Ok, so, the Penguin is a hallucination, right? Only Billy can see the Penguin when he is drunk! But Billy also believes the Penguin is real even when he is not drunk, as evidenced by his asking if the Penguin put his father up to giving Eric the company. And no one seems to be really bothered by this. Then Chris Farley gets a handie from the Penguin at the end of the movie. I can only conclude that the Penguin is some kind of shared corporeal apparition that appears only to SNL alumni.
Billy’s dad makes this seem like a common occurrence, when Billy launches into gibberish at dinner. But it is the only time, in the entire movie, where he speaks in tongues. Eric references Billy getting the entire staff of Madison Hotels to speak in gibberish as a reason to not put Billy in charge. If this were an actual concern, shouldn’t he talk to Jack and Frank in his own language at least a few times? Maybe try and teach it to Miss Libby, the one person who would be receptive to learning a made-up language?
The Pickle Race
Why?! I don’t get it! Why waste perfectly good pickles in a pickle race without there being an actual prize for the winner? Was the prize lighting shit on fire? I don’t know! All I learned from that scene was that Billy considered banging 1975 Jack Nicholson over Meg Ryan.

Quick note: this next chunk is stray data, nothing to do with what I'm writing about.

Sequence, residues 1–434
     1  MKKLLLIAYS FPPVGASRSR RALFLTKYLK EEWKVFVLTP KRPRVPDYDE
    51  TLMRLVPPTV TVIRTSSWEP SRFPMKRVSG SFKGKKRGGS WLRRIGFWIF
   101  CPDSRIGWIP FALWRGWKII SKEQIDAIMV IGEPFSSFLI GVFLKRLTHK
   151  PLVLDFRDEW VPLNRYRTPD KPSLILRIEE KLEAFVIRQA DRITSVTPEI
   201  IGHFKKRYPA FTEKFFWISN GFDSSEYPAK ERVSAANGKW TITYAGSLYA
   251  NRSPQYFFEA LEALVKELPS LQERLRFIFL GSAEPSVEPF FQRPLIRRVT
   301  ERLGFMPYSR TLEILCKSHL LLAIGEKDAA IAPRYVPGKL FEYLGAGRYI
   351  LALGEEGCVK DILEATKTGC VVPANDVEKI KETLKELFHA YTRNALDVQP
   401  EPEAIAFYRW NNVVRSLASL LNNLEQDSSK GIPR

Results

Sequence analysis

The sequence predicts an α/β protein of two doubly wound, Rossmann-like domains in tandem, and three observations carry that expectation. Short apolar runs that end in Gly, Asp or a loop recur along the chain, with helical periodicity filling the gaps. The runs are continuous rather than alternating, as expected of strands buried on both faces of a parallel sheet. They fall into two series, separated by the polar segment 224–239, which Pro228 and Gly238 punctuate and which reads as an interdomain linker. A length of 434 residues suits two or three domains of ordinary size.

I Thought I Was Your Snack Pack
I keep a list of the best compliments I’ve ever received. At a show once, a fellow comedian, a woman with perfect bangs and a witchcraft podcast, asked me the question everyone loves to hear:
“Do you know who you look like?”
“Well, I probably have some ideas,” I said, “but who?”
“You look like Veronica Vaughn from Billy Madison,” she said.
That was a few years ago, but that compliment maintains the number-one spot on my list. As a kid, I was fairly sheltered, so the only anomaly in my pre-pubescent cinematic canon is Billy Madison, which my parents let me watch with them when I was only five or six years old. Was I too young to see the movie? Yes! Did my elementary school teachers burst out laughing when I deployed choice quotes like “Stop looking at me, swan!” in the classroom? Hell yeah!
The whole movie played a major role in my personality development, but no scene so much as Billy’s redemption song, which I reference on a weekly basis (and which also drives many of my creative decisions subconsciously). Truly, what a great set of lessons to teach a kindergartener: any moment is the right moment for a musical interlude! When the people in your life really love you, they will rally around your goals, even if those goals seem silly! Brain hemorrhages are…fixable, sometimes!
No wonder I’m flattered by that comparison to a character in Billy Madison, a movie that is thrillingly absurd and uplifting even 25 years after its release. And I guess it helps, too, that Veronica Vaughn is one hot piece of ace.
Hattie Hayes is a comedian, writer, and actress in New York City. Check out her sketch team, Infinite Sketch, and follow her on Twitter.